Saturday 17 August 2019

Three's the magic number for these fine young hurlers

Brendan Furlong
Brendan Furlong

Brendan Furlong's Hop Ball column

Three is the magic number for Wexford as far as the county's Under-21 hurlers are concerned, having completed a hat-trick of back-to-back provincial titles for the third time at Innovate Wexford Park on Wednesday.

Rewind back to 1964-'66, and then to 1969-'71, when the hat-trick was completed before prior to the exploits of the current squad. Wexford lifted the provincial crown but went on to lose five of the six All-Ireland finals played, with the only exception coming in 1965 with the win over Tipperary. The same county had beaten us in 1964 while Cork prevailed in 1966 (after two replays), 1969, 1970 (after a replay) and 1971.

Cork had barely taken flight from the county grounds with their eight-point Senior qualifier defeat of Wexford, reminding us of what a horrible championship record we have against the Rebel county. Also through that decade of the seventies we lost two successive All-Ireland Senior finals to the Leesiders, so it has been a similar story when these counties meet in championship action irrespective of the grade.

But with Cork having been dismissed from the Under-21 title race with a defeat in the provincial championship, it's hoping that this will open up the door for Wexford, leading to ultimate success, which would give us only our second All-Ireland title in this grade

It was always a big test for Wexford to compete with the big guns in the 1960s and early 1970s, but given the success at colleges level, particularly by St. Peter's, it was a challenge they always met with a high degree of success, as the All-Ireland Minor-winning team of 1968 backboned the '69 Under-21 set-up.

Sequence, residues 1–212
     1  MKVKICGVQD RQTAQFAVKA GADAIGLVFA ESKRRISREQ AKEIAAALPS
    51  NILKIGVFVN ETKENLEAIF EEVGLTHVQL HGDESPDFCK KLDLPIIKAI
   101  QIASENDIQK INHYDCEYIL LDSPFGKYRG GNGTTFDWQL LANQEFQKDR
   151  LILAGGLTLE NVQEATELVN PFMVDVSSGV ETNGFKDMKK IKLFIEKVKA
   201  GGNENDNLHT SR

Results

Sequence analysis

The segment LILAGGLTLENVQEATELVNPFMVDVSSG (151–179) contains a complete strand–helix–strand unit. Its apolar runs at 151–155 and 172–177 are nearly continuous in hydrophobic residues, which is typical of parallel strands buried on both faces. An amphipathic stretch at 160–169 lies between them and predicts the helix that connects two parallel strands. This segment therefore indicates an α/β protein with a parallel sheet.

This flow of under-age success was guided by Ned Power (since deceased), a Kilkenny man teaching in St. Peter's College. He took the training helm for both the Minor and Senior successes of 1968 and was such an influential mentor in the hurling set-up of that era.

For the record, the All-Ireland final team in 1971 was: 1971: Pat Cox; Jim Higgins, George O'Connor, Peter O'Brien; Aidan Kerrigan, Larry Kinsella, Liam Bennett; Martin Quigley, Andy Dwyer; Brendan Dunne, Tom Byrne, Seánie Kinsella; Pat Flynn, Martin Casey, Mick Butler. Subs. - Jack Russell for Dwyer, Brendan Murphy for Higgins.

Despite those early mixed results, Wexford kept pushing on, especially in Under-21, with the heroics of last Wednesday evening's side when they dismantled Kilkenny bringing back memories of those famous three-in-a-rows of old.

It was huge justification for the celebrations that followed given the lengthy wait for a repeat of those heroics.

For those Wexford players in those previous three-in-a-row title wins, most of them went on to represent the county at Senior inter-county level, with a number figuring in subsequent All-Ireland finals.

It just shows the importance of this grade as a breaking ground between Minor and Senior levels.

On another topic, the missing flags in Innovate Wexford Park have been brought to my attention through the summer series of important games in the county grounds.

It seems as if Wexford Park has no flag appeal as it is one of the few county grounds that fails to display their county colours along with those of the visiting team(s).

The flag poles are in place behind the Clonard goal but the national flag casts a lonely figure, especially for the televised games.

I have also noticed a real emphasis on stewards targeting motorists and instructing them in how to park their vehicle (at what cost?).

But the promotion of our games, such as flags of competing counties adorning the ground, and a quality match programme, seems of little interest to those responsible for ground management.

Wexford G.A.A. officers, when making a trip to away games involving the county such as in Owenbeg on Saturday, should be alert as the majority of county grounds become immediately noticeable with the display of the national flag along with those of the competing counties.

Perhaps Wexford may deem themselves capable of making this small step-up in games presentation.

And to add to the presentation of games, a coat of paint on the goalposts would also be beneficial as they seem the worse for wear following the winter months.

Wexford People

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